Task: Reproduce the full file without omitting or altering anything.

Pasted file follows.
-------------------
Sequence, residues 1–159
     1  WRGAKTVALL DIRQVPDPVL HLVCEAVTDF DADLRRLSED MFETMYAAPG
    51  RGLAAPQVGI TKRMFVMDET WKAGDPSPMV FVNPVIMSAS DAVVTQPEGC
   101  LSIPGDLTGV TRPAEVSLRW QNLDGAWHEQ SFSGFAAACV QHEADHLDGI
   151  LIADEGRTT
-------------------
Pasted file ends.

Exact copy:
Sequence, residues 1–159
     1  WRGAKTVALL DIRQVPDPVL HLVCEAVTDF DADLRRLSED MFETMYAAPG
    51  RGLAAPQVGI TKRMFVMDET WKAGDPSPMV FVNPVIMSAS DAVVTQPEGC
   101  LSIPGDLTGV TRPAEVSLRW QNLDGAWHEQ SFSGFAAACV QHEADHLDGI
   151  LIADEGRTT